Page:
The summer is nearly here, and now’s a good time to start preparing docks and bays at busy distribution centers for the seasonal changes. In particular, warehouse operators should get ready for two trends that are right around the corner: Summer heat — especially at the docks — and a possible uptick in carrier traffic.
Consider how freight has been moving in spring and early summer over the past few years:
- Statistics bear out what you may have seen at warehouse docks in recent years: shipments rising as we move from spring into summer. The trends of the past few seasons could give us some clues about what to expect this year.
- According to the Bureau of Transportation Statistics’ Transportation Services Index (TSI), for-hire freight shipments held relatively steady this time of year in 2015. In 2016, though, there was a 3.6 percent increase in the TSI between March and July.
- The same period in 2017 saw an increase of 3.4 percent, culminating in an all-time high for the Index in July 2017. (Subsequent months have seen that record broken.)
- Now, these figures alone don’t paint a clear picture of what goes on at distribution center docks. They track the amount of freight moving within the for-hire transportation industry, but do not include parcel services, private trucking, or the U.S. Postal Service. Meanwhile, they do include railroad, inland waterways, pipelines, and air transportation, as well as trucking.
- To get a clearer picture of what to expect from trucking in particular, let’s look at the Truck Tonnage Index, which measures the seasonally adjusted levels of tonnage trucks carry within the U.S.
- Those numbers tell a similar story. Between March and July of 2016, truck tonnage grew by nearly 3.5 percent. Over the same months the following year, the growth was almost 4.6 percent.
- If the trend holds for 2018, it might be time to pick up a Yard Ramp or two to account for sudden rushes at the dock.
Weather Pattern Changes that Could Affect Warehouse Dock Productivity
The boost in freight may coincide with increasing temperatures in some parts of the country, even above the typical summer sizzle. Heat can have a major impact on comfort, morale, and even productivity in the workforce. One study found that worker productivity diminishes on hot days.
The researchers estimate that each day that reaches a WetBulb Globe Temperature of 80.6 degrees (27 degrees Celsius) is associated with a worker output decrease of 4 to 9 percent. And when those temperatures stick around for more than a day at a time, each extra day of heat is associated with an increase of 1 to 2 percent in absenteeism, at least in jobs that don’t penalize a few missed days of work.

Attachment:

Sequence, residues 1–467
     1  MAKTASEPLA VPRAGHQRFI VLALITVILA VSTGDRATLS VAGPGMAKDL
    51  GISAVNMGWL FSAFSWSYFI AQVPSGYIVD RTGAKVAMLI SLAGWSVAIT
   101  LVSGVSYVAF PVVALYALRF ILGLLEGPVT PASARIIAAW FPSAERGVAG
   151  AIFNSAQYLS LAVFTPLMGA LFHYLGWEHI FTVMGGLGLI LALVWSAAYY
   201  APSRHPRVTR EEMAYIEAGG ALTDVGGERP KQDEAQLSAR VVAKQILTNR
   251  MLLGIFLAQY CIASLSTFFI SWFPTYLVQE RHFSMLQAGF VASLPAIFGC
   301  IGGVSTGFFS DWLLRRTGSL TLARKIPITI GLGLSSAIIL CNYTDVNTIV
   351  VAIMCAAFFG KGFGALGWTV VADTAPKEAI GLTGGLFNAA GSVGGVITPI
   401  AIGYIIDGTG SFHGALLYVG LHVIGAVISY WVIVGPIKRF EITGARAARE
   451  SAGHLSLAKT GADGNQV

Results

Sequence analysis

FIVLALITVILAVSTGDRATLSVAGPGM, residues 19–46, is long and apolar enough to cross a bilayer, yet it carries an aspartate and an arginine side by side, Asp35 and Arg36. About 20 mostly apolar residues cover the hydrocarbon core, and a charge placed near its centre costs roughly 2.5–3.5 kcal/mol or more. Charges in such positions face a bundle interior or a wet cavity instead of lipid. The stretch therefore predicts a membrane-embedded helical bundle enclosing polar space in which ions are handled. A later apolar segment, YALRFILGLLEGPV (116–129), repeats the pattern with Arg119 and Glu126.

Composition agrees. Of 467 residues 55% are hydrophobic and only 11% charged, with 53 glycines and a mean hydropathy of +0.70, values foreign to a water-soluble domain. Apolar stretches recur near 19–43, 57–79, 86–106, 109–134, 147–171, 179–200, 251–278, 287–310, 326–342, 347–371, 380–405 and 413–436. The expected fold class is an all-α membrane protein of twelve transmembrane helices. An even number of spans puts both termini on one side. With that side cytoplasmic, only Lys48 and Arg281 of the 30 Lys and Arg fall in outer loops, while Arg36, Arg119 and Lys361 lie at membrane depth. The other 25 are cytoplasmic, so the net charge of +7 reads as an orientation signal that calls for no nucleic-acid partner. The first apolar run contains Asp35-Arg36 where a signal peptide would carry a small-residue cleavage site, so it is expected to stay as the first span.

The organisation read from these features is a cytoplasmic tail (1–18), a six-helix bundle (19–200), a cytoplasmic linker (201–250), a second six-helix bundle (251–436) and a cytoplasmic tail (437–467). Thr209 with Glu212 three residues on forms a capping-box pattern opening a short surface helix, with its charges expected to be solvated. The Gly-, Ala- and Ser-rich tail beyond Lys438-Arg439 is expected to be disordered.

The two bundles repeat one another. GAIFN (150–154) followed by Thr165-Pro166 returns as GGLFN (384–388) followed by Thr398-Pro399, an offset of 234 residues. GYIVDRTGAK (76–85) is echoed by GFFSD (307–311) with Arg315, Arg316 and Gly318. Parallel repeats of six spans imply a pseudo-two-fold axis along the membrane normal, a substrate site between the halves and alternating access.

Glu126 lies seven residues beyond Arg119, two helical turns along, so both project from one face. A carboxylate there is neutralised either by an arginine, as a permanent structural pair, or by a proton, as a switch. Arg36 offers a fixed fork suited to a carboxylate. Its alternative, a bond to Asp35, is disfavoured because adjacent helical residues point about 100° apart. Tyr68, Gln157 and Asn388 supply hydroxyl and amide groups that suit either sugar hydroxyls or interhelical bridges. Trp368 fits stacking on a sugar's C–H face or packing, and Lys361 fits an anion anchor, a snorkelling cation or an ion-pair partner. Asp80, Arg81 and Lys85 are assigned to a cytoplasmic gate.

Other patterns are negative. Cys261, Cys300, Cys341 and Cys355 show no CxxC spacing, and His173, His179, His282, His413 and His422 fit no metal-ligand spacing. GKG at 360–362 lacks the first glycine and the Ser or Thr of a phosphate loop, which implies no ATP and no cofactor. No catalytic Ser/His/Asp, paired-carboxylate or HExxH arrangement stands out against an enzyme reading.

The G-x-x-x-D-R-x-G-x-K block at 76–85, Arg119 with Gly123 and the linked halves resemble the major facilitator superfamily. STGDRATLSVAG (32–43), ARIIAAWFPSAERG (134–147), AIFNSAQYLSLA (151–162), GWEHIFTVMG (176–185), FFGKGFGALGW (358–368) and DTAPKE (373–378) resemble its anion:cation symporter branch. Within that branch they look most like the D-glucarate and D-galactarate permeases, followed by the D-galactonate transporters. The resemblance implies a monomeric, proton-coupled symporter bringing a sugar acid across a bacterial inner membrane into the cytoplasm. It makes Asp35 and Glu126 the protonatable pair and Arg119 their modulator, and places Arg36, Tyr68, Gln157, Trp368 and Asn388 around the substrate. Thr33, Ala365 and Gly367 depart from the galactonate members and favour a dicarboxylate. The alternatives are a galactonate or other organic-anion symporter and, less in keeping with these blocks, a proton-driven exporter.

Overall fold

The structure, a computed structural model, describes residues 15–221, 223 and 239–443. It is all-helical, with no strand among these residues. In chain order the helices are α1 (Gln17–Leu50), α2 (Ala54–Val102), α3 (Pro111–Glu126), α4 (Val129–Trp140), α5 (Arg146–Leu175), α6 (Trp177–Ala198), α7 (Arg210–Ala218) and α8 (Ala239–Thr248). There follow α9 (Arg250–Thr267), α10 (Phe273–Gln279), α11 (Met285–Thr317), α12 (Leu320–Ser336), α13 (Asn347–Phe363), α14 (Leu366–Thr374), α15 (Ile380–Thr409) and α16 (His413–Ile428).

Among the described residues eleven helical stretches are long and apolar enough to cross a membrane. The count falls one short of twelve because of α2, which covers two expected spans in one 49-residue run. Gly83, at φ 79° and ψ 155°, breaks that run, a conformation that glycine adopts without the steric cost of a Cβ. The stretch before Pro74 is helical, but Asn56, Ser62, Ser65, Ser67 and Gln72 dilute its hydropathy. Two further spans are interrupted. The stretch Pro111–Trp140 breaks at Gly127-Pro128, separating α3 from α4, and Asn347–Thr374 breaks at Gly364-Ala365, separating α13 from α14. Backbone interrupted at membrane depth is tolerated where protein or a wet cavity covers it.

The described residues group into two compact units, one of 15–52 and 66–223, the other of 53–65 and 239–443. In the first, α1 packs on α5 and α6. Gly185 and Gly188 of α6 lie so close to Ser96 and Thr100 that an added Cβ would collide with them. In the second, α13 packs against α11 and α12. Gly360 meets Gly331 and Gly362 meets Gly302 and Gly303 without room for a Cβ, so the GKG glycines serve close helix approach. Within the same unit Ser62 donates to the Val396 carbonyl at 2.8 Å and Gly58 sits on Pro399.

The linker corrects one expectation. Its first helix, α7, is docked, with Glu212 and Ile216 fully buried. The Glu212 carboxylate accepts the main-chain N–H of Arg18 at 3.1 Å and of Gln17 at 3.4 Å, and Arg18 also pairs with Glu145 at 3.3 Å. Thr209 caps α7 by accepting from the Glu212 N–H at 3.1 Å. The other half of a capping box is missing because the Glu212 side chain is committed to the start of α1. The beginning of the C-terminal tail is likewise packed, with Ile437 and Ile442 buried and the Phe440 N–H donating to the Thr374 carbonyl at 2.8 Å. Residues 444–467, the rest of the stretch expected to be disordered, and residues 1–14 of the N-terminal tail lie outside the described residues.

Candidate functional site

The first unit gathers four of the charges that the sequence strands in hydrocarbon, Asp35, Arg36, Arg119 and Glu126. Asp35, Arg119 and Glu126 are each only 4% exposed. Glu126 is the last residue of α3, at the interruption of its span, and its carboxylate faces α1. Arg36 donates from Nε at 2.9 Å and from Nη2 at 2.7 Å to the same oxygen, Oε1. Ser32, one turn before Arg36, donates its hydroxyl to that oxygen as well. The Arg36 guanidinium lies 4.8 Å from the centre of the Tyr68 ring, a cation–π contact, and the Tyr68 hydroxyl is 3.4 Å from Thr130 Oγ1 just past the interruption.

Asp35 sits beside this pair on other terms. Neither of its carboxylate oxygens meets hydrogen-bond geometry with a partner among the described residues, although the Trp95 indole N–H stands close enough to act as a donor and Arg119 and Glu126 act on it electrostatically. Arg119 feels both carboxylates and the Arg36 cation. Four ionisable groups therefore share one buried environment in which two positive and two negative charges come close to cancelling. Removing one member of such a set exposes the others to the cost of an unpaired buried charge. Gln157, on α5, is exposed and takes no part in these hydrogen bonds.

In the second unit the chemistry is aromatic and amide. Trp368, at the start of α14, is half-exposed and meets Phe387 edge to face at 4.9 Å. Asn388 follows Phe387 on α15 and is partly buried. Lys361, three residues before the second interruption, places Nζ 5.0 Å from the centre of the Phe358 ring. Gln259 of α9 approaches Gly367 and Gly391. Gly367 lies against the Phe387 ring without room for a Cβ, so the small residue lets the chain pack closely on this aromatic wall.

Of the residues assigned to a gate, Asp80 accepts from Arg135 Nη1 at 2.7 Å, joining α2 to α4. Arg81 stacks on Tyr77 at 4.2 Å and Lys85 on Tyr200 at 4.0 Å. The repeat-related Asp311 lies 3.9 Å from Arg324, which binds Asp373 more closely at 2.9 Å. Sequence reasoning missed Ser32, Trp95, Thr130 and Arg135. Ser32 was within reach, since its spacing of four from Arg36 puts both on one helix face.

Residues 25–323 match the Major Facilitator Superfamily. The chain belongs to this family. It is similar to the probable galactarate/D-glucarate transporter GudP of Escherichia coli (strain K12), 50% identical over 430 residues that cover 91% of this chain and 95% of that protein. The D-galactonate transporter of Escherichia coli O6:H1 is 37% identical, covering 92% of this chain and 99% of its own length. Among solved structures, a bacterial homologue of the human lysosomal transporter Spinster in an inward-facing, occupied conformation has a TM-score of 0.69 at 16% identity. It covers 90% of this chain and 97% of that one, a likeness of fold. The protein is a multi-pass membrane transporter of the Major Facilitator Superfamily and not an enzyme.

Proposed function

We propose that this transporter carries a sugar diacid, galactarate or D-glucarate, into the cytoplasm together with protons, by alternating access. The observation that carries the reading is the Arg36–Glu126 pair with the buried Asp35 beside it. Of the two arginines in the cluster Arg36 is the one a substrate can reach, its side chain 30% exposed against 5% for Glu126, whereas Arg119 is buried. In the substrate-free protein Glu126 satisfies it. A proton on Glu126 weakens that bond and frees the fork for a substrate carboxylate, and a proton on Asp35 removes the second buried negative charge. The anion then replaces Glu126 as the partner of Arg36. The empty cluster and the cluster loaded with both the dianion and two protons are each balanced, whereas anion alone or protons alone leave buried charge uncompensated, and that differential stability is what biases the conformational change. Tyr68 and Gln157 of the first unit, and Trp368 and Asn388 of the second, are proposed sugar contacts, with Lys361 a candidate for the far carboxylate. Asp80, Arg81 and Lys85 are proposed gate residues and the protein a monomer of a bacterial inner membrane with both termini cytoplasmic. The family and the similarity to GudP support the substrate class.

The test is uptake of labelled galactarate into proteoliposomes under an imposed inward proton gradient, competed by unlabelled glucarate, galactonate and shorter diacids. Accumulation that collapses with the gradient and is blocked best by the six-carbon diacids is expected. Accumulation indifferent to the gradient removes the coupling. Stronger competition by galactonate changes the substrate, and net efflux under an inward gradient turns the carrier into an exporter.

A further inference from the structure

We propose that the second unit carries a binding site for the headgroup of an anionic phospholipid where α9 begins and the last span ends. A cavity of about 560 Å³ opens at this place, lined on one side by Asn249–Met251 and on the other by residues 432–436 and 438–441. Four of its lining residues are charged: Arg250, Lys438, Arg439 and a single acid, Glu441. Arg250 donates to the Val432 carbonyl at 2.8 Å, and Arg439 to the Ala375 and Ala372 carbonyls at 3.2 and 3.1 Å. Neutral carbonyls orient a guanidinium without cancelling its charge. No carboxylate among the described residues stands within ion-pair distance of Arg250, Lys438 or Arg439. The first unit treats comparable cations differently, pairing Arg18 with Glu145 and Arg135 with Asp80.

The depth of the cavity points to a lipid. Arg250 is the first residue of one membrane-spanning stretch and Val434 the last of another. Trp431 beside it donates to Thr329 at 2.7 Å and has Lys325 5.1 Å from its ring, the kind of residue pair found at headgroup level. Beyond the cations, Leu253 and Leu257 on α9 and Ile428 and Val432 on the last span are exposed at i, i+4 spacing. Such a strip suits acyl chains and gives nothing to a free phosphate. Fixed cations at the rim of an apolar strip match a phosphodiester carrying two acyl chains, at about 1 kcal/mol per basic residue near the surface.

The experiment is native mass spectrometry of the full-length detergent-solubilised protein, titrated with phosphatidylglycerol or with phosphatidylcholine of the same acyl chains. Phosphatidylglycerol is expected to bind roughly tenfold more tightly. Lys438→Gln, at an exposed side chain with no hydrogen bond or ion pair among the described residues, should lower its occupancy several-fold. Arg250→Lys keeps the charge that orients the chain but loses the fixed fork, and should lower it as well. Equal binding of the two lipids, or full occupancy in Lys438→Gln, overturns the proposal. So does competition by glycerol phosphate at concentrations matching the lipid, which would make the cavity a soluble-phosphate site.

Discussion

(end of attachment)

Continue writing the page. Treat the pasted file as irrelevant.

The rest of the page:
Given that loading and unloading truckloads at the dock can be awfully hot work, even in the best of weather, it’d be helpful to know what to expect as the summer begins. And, as you may have guessed, current estimates suggest there could be more heat than we’re used to for most of the U.S.
- The National Weather Service’s’ Climate Prediction Center (CPC) projects that in the South — from the southern tip of California through Arizona, New Mexico and Texas all the way to the Carolinas on the East Coast — has about a 50 percent chance of temperatures that are higher than normal in April, May, and June of this year.
- Just a bit north, a band of the country stretching from California to Oklahoma to the heart of New England is estimated to have a 40 percent chance of higher temperatures.
- Next, a swath of the country from Northern California up through the Great Lakes region and the Northeast tip of the states is looking at a 33 percent chance of extra heat.
- The rest of the continental U.S. has an equal chance of above, below, or well-within normal temperatures, according to the CPC.
So for warehouse operators, especially those in the South, this might be the time to invest in extra high-volume, low-speed fans, additional water stations, and dock-related labor-saving devices like Dockmaster Bin Tippers. Heat and extra freight may be on their way, and preparing docks for these ongoing challenges will help to keep DCs productive, no matter what the season has to offer.
“Freight Transportation Services Index.” StLouisFed. Federal Reserve Bank of St. Louis, 2017. Web. 12 Dec. 2017.
“July 2017 Freight Transportation Services Index (TSI).” BTS. Bureau of Transportation Statistics, 13 Sept. 2017. Web. 12 Dec. 2017.
“Monthly & Seasonal Color Outlook Maps.” CPC. National Weather Service Climate Prediction Center, 17 Nov. 2017. Web. 12 Dec. 2017.
“Seasonally-Adjusted Truck Tonnage (Truck Tonnage Index).” BTS. Bureau of Transportation Statistics, Sept. 2017. Web. 12 Dec. 2017.